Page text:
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Hugh Grady Named Professor Emeritus at Arcadia

The Shakespeare Conference: SHK 25.303  Friday, 4 July 2014


From:        Hardy Cook < This e-mail address is being protected from spambots. You need JavaScript enabled to view it >

Date:         July 3, 2014 at 9:35:57 AM EDT

Subject:    Hugh Grady Named Professor Emeritus at Arcadia 


[Editor’s Note: Congratulations, Hugh!]



Dr. Hugh Grady Named Professor Emeritus at Arcadia University


Dr. Hugh Grady, a preeminent Shakespearean scholar who taught English literature and writing at Arcadia University for 27 years, has been named professor emeritus at the University. Grady, who retired from Arcadia following the 2013-14 academic year, is commended for his dedication to teaching, his extraordinary scholarship in the field of literature, and his years of service to Arcadia.


Grady began teaching at Arcadia in 1987. He taught undergraduate and graduate courses in writing, literature, and critical theory, and organized and instructed the senior Capstone course in English, familiarizing students with literary theory and helping them develop their undergraduate theses. Grady, who also chaired the English department, was promoted to full professor in 1999.


Grady has authored several books on Shakespeare and Renaissance literature, including Shakespeare and Impure Aesthetics (2009), Shakespeare, Machiavelli, and Montaigne: Power and Subjectivity from “Richard II” to “Hamlet” (2002), Shakespeare’s Universal Wolf: Postmodernist Studies in Early Modern Reification (1994), andThe Modernist Shakespeare: Critical Texts in a Material World (1995). He also has published more than 30 articles in journals and anthologies, coedited Shakespeare and the Urgency of Now: Criticism and Theory in the 21st Century (2013), and edited and contributed to Empson, Wilson Knight, Barber, KottGreat Shakespeareans (2012), an anthology of critical essays focusing on Shakespeare’s reception by the major modern critics.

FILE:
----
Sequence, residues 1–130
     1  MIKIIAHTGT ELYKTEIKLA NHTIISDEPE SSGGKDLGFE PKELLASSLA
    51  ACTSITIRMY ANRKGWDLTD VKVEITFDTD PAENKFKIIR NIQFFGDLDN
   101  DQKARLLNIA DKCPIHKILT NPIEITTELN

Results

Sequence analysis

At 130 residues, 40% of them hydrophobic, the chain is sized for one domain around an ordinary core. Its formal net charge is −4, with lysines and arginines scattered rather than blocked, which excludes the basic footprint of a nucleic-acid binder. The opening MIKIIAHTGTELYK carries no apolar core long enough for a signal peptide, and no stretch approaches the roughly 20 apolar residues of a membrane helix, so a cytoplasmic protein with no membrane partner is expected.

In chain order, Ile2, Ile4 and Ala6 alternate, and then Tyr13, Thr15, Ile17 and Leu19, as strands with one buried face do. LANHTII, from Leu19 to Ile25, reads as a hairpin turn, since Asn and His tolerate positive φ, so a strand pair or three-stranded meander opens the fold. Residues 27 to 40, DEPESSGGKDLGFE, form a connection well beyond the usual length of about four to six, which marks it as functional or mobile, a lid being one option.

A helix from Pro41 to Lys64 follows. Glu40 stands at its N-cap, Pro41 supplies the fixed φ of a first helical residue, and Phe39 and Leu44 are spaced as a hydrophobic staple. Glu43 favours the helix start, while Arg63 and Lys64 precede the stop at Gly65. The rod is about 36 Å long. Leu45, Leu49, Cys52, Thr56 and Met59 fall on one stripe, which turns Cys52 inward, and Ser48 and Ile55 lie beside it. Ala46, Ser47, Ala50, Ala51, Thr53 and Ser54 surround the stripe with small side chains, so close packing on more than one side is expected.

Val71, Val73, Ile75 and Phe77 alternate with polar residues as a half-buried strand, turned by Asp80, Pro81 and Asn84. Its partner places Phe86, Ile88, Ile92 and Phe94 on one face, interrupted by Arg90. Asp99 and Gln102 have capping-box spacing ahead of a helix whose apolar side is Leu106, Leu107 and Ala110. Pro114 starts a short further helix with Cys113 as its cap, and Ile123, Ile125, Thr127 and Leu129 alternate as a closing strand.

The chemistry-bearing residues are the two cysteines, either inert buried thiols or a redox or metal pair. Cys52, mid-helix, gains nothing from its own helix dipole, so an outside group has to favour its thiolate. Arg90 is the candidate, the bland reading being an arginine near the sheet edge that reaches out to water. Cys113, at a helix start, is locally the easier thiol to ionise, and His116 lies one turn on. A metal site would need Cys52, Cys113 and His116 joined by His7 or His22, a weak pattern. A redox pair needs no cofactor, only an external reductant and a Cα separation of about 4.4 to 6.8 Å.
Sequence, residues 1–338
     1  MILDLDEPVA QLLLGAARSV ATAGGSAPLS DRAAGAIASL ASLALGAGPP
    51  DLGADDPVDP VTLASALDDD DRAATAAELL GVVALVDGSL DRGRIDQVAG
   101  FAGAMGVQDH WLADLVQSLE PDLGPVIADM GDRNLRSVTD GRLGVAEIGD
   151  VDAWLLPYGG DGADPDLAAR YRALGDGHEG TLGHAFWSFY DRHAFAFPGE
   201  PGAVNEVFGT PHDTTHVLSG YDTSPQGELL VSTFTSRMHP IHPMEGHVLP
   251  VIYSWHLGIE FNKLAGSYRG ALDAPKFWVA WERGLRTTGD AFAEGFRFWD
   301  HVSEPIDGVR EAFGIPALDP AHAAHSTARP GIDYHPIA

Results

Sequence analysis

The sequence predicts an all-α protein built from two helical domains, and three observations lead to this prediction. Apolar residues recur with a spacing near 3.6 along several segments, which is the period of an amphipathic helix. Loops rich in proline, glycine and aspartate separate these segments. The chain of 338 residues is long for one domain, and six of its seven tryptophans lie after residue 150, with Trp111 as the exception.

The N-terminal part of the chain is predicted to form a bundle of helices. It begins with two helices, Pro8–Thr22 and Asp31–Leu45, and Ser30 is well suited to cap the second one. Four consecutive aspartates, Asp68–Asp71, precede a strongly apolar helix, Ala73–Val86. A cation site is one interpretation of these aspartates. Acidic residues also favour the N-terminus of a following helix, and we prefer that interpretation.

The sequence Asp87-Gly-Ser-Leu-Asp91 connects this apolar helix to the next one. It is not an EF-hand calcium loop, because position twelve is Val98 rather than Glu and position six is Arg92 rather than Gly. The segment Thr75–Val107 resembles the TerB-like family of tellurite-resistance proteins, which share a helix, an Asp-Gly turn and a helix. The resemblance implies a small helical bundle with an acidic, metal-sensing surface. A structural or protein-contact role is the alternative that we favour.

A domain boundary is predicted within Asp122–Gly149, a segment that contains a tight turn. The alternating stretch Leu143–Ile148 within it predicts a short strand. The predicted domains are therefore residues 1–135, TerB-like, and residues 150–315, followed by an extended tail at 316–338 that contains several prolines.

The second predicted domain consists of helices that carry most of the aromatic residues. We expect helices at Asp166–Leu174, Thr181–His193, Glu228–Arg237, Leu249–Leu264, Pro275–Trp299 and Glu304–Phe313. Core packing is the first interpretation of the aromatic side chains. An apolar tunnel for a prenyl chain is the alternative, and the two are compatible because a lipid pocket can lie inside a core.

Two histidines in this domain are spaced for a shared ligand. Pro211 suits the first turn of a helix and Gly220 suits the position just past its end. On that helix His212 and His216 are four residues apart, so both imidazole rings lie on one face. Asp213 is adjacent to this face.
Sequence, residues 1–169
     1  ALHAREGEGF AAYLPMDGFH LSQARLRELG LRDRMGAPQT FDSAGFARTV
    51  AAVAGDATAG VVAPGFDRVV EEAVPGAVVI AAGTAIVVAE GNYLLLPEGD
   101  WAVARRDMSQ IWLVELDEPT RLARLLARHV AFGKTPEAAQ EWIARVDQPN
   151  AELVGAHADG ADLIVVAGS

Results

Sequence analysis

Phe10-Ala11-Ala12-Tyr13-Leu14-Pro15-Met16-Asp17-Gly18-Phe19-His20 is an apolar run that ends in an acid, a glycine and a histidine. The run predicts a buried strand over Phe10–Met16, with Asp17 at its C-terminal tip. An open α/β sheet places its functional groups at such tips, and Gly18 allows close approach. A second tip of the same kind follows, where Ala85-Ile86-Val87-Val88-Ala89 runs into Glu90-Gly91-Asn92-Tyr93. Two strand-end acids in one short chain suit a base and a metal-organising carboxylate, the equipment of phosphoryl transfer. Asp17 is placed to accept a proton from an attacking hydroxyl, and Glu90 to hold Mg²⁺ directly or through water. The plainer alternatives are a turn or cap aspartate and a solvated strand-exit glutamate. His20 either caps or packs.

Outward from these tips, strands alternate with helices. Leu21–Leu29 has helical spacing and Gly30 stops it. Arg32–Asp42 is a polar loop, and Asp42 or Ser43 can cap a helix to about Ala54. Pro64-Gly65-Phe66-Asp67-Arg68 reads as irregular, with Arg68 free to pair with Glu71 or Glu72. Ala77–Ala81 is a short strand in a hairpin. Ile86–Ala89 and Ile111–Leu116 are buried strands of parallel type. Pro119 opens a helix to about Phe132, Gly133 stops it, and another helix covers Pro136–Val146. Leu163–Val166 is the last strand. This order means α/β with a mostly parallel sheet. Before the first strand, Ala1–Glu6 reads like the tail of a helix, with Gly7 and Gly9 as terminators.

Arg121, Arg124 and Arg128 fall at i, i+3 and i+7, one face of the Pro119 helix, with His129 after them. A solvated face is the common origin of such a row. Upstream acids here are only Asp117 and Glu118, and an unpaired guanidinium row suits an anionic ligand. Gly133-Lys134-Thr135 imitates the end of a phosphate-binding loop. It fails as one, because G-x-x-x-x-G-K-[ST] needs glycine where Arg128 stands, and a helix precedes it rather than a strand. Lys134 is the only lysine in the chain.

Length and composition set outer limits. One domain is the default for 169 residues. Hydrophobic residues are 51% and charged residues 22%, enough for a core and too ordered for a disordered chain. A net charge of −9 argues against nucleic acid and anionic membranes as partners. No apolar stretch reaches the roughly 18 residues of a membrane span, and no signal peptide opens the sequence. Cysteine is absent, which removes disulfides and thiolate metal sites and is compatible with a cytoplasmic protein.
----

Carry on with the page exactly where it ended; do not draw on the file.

“I am honored to receive this distinction from the University and President Christensen and look forward to a continued relationship with the Arcadia community,” said Grady. “I plan an active retirement of continued scholarship, writing, and occasional part-time teaching in the future. Arcadia has been a big part of my life for the last 27 years, and I have many fond memories of working and teaching here.”


After receiving a bachelor’s degree in English from Fordham University, Grady spent a year volunteering with Americorps VISTA. He briefly taught high school French and English before pursuing a master’s degree in English and a doctorate in comparative literature from the University of Texas at Austin. Following his work as a senior assistant editor for the anthology Shakespearean Criticism, Grady taught English at Temple University before joining Arcadia.


In 1990 and 2004, Grady won the Ellington Beavers Faculty Award for Intellectual Inquiry at Arcadia, which is designed to encourage and recognize faculty inquiry in the scholarly and creative realms. He was named Arcadia Professor of the Year for the 2001-02 school year, and in 2004, he was awarded a National Endowment for the Humanities Summer Stipend for research.

Learning ‘Lear’